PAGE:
So glad my kids (10-149 don´t have smart phones. It is devilish and industry, liberals and SJW tell us not to worry.

#5 Comment By Thomas Hobbes On March 7, 2018 @ 1:43 pm

This is the world we live in. This is the culture of death. This is a civilization that has a death wish.

This is the world we live in. It’s not the culture of death, this is just humanity as it’s always been – nasty and brutish.

We aren’t evolved to understand how communities will work when everybody can be exposed to everybody with nearly zero effort. Perhaps if we survive long enough traditions and mores will develop that allow people to interact sensibly on the internet. A good start would be if people realized what terrible idea it is to give their teen/tween/kid/toddler/baby/fetus a g** d**n smart phone.

#6 Comment By pbnelson On March 7, 2018 @ 1:53 pm

“Your kids will be irresistibly peer-pressured to use anti-social media, and nag you to death for it.” –Answer #91 to the question “why homeschool?”

#7 Comment By Jeff R On March 7, 2018 @ 2:14 pm

This is the world we live in. This is the culture of death. This is a civilization that has a death wish.

The pace of technological advancement is faster than we can develop healthy norms, habits, and a social consensus on how to use it. Let’s not go all Chicken Little about it, please.

#8 Comment By Larry in NC On March 7, 2018 @ 2:16 pm

I bet Frontier doesn’t block musical.ly.

#9 Comment By Robert E. On March 7, 2018 @ 2:33 pm

So people use social media to pose nude and engage in all sorts of sexual hijinks, and children use it to bully each other and engage in unhealthy practices. And social conservatives are -shocked- and think civilization is going to collapse.

This seems to be along the lines of what Matt in VA was talking about in an earlier posting with “prissiness” from SoCons, though I’d call it being sheltered. Nothing Rod speaks of is particularly new or shocking, only the technology platform has changed.

When it comes down to it though, most children in America have it pretty good. They don’t starve to death, they don’t have to go out to fight wars for religious extremists. The majority of them will have the opportunity to pursue higher education and economic success. The idea that this is a “Culture of Death” is ridiculous, and it gets in the way of a more measured discussion of how exactly to teach children to be media savvy and avoid toxic things on the internet.

[NFR: Actually, according to the photo, some of them *do* starve themselves, and photograph it to encourage others. — RD]

#10 Comment By Leslie Fain On March 7, 2018 @ 2:50 pm

Lord, have mercy. These poor kids. It seems the more tolerance and freedom is foisted on this generation, the worse the kids treat each other and the worse they feel. I was just thinking the other day how you cannot even question someone’s sexual preferences or gender fluidity because that is mean, and they can’t help it, but you can mock someone’s physical appearance or age all day long on social media.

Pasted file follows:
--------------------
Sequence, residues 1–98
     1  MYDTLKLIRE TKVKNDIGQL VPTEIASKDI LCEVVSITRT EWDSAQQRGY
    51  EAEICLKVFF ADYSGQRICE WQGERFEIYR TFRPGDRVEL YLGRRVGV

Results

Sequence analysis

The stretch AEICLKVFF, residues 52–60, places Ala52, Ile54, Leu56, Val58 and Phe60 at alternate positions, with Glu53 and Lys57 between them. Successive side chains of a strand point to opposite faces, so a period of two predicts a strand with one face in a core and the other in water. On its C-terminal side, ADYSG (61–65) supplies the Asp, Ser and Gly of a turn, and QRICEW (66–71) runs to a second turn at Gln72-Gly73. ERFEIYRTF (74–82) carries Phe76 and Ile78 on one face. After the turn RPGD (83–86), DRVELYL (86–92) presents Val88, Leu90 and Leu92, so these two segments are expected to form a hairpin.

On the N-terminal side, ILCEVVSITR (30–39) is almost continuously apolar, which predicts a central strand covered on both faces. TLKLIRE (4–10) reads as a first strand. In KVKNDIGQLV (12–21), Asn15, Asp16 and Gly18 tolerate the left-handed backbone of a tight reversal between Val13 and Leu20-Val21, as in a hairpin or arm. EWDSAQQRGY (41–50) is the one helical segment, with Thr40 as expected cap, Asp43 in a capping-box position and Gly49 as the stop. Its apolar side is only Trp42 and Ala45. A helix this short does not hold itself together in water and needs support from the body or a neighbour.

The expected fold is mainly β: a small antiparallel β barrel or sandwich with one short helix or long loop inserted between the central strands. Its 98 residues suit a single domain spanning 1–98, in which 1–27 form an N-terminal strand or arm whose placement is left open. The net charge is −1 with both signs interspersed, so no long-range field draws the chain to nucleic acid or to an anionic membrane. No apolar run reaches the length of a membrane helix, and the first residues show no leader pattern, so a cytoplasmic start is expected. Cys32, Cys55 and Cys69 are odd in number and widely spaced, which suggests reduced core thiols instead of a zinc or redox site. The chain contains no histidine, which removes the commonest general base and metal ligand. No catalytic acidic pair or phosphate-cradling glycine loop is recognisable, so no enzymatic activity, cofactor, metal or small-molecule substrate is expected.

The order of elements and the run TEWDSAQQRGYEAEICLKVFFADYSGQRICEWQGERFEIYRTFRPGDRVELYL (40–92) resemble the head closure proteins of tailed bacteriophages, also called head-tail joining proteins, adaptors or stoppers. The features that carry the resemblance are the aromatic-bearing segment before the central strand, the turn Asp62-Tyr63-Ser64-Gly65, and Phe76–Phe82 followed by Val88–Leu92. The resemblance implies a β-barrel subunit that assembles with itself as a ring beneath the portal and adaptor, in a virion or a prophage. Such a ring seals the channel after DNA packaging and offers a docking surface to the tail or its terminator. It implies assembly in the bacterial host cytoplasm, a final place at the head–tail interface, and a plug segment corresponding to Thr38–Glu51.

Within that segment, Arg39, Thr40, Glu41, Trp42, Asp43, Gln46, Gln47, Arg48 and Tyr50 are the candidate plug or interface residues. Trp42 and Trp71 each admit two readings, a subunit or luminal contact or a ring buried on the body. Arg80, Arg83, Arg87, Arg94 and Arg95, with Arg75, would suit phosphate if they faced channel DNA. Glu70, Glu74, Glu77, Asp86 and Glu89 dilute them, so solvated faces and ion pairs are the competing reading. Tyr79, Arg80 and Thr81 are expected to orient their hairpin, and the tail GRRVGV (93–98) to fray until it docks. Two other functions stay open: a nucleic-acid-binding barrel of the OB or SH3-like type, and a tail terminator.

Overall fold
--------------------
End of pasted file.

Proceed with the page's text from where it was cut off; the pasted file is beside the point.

Even among homeschoolers, our family is unusual in that our kids don’t have phones (our oldest is almost 12.) Once our oldest drives, we might spring for a tracfone with only calling and texting capabilities, but I get to read all the texts.

#11 Comment By Pogonip On March 7, 2018 @ 2:56 pm

I have a crossword-puzzle game where if you get stuck you can “buy” a hint for 100 points (“coins”). If you don’t have enough points you can, of course, buy some from the game manufacturer, for real money, or you can watch a commercial for 25 points per commercial. Musically is one of the commercials that may pop up, and let me tell you, it’s highly deceptive—two wholesome white girls, strumming guitars, singing a happy folk song. Not a hint of the real content on the site. I know our government isn’t much interested in enforcing the law against businesses, but Canadian parents may want to file a false-advertising complaint. U.S. parents might consider screen-shots of the ad, juxtaposed with screen-shots of real Musically content, posted to Facebook where lots of people will see it. Download any game where players have to “buy” something with “coins” to complete the game and you’ll get these ads. Try to do something, like get a hint, and a box selling coins will come up. Close that box and the game will then offer you the needed something in exchange for watching commercials.

You may sit through quite a few of them, they seem to be entirely random—often they come up for the same game I’m playing. The Musically ads tend to come up at night.

#12 Comment By Northmoor On March 7, 2018 @ 3:07 pm

Not worried. If we can just ban guns, the kids’ll be all right. Remain focused on the cause, please.

I didn’t buy your article the other day about how the “backlash is building”, as I think instead it’s more like the “centrifuge is spinning”. But I’m at least mildly hopeful that there might be something of a backlash building against the social media mill wheel, which is one of the power sources for that centrifuge.

#13 Comment By Bob Morris On March 7, 2018 @ 3:16 pm